By applying a numerical system to gender, product and material, a system is created “to make it easy for customers to find and re-find products both in physical and digital stores, and a tool for our archive — a way to record and preserve products.” This ID is not only shown in store but on the clothing too, adding its country of origin and the date of production allowing “the customer to understand which products really have stood the test of time,” explains Michael. The application of the typeface this way creates a change in pace, but still fits in with the exterior signs of stores and packaging; overall communicating to both current customers and passersby.
Now a number of Arket stores have launched across Europe, the latest opening in Munich tomorrow (13 October), Michael explains the feeling of seeing the stores finally open has been “very satisfying to see all the parts come together”. “For most, if not all of us in the team, it’s a unique project in that it was conceived and carried in such a holistic way, and over a relatively long period of time.”
To represent this momental effort, Arket’s design team has created a 536-page publication, documenting the overarching theme of the brand and displaying details such as the prints made from Francois Ducharne’s fabrics, Carina Seth Andersson’s ceramics for the shop, and nods to materials, tailoring and suppliers. “It’s a visual archive of our first collections, supplies, stores and other elements that Arket is made up of at the time of its launch, many of which will remain so for years to come.”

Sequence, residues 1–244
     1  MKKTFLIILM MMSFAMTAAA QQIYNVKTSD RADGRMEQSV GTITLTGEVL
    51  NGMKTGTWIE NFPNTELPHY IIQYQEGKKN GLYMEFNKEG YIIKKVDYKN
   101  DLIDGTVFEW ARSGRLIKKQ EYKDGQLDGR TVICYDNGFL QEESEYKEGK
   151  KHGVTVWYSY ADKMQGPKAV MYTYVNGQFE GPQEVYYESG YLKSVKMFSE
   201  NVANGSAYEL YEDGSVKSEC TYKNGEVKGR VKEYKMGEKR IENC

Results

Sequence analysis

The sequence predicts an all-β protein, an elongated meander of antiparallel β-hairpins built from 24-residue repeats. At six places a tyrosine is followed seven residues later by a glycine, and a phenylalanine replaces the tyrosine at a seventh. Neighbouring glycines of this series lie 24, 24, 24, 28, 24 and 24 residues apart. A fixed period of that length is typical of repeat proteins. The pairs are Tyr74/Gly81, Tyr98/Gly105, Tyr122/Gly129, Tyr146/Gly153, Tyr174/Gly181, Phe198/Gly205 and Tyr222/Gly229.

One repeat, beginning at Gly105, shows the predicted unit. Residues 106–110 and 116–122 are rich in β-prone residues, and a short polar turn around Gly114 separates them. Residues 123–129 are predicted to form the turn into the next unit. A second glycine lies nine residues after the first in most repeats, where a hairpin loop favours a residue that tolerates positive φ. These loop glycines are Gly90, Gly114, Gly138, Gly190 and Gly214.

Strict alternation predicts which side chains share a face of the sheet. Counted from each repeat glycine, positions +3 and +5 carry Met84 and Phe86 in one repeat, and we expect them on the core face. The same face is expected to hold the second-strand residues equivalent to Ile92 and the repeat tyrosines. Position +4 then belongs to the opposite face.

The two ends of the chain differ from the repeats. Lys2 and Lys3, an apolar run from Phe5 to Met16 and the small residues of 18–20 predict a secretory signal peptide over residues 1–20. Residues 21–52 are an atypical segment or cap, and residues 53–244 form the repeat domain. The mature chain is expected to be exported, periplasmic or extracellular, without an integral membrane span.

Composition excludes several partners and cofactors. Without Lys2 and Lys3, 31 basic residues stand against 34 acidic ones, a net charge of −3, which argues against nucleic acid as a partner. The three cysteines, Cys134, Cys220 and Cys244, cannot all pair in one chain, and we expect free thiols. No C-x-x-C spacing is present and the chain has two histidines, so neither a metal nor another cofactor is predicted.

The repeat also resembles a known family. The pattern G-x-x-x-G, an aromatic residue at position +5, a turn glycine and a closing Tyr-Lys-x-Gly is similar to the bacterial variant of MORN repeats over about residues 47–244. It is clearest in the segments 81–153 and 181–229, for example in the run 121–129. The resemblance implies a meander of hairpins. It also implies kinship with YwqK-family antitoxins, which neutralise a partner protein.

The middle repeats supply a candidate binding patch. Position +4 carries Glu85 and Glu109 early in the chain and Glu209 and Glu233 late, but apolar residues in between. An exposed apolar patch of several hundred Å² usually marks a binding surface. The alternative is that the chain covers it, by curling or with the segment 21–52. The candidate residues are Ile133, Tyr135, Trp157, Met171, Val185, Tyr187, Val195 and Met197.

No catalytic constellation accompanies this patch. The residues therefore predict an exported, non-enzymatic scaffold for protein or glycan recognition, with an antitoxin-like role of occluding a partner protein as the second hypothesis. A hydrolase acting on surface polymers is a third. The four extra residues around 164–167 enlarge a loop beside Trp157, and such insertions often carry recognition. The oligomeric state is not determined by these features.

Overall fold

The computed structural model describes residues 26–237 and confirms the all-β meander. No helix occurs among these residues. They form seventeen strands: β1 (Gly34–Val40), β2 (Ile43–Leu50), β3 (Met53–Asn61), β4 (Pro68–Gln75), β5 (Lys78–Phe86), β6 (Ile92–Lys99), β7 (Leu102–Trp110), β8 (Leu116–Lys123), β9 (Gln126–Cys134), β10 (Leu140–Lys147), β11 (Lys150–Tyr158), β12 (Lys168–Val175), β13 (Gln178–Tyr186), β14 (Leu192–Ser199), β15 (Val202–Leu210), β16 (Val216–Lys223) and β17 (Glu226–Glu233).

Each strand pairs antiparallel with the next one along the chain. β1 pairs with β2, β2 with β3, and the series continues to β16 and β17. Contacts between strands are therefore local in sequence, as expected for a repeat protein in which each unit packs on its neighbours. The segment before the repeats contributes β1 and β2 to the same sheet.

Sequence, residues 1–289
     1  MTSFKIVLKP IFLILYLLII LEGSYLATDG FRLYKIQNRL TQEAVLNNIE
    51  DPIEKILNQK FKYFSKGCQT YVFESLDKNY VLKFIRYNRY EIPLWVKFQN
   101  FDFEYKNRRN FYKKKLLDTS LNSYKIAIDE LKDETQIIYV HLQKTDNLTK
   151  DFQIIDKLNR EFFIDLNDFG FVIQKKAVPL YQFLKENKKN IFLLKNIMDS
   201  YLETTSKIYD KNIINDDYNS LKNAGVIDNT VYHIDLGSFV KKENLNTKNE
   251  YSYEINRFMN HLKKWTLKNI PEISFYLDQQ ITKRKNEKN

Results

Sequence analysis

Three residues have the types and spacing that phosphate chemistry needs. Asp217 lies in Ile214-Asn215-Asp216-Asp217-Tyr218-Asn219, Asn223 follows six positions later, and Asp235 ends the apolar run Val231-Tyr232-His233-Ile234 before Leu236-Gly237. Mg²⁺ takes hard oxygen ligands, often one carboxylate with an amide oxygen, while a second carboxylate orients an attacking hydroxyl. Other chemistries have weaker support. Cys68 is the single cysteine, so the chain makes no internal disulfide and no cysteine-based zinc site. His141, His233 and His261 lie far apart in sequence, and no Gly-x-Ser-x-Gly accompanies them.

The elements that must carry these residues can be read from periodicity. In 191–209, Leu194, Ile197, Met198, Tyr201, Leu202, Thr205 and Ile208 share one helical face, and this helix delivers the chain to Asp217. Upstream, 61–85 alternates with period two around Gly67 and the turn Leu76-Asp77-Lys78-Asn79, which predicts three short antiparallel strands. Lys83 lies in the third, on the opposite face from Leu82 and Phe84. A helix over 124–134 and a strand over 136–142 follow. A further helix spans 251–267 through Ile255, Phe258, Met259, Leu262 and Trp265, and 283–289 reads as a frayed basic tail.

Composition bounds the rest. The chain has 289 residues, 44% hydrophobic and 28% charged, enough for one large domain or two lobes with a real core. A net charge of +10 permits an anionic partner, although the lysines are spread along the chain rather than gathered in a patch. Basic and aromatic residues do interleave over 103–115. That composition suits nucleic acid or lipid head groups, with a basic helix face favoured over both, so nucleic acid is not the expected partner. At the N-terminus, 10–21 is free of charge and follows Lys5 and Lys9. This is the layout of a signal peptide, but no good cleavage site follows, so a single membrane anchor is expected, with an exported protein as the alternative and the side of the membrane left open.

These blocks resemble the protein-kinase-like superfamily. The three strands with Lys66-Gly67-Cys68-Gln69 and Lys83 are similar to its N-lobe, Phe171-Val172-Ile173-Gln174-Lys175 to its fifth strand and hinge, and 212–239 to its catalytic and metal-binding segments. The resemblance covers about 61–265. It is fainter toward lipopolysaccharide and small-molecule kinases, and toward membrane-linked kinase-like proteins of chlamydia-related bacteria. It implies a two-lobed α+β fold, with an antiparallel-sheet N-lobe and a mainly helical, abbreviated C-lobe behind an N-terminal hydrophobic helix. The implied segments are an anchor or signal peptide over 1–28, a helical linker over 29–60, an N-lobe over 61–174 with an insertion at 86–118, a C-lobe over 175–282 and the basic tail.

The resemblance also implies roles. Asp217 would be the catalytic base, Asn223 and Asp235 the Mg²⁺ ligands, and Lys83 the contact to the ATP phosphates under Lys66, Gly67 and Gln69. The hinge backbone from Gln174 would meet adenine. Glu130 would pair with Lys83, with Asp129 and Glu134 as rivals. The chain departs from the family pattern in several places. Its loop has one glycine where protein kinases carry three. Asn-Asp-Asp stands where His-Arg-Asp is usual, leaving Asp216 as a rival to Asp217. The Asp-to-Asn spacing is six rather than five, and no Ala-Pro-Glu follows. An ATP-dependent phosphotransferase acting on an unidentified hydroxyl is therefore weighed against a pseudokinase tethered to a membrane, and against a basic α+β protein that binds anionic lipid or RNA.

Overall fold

“We took the decision to make the publication for several reasons, probably the most important one being that we wanted a way to preserve the work that so many had put into creating the brand over a 2-and-a-half-year period,” explains Michael. Although there is a personal attachment to the work within the publication, it a physical representation of the brand’s ethical and enticing values which encompass a love of product rather than throw-away culture. To see for yourself, any orders made on arket.com today (12 October) will also receive a publication in their delivery.
After two years of research, tests and discussion, now Arket’s design team’s hard work is unleashed on the world Arket explain the plan is “to iterate, refine and focus on communicating what we have”. After refining the identity as much as they have — but still endeavouring to keep it broad — the room for experimentation and opportunity is endless.
About the Author
Lucy joined It’s Nice That as an editorial assistant in July 2016 after graduating from Chelsea College of Art. In October 2016 she became a staff writer on the editorial team and in January 2019 was made It’s Nice That’s deputy editor. Feel free to get in contact with Lucy about new and upcoming creative projects or editorial ideas for the site.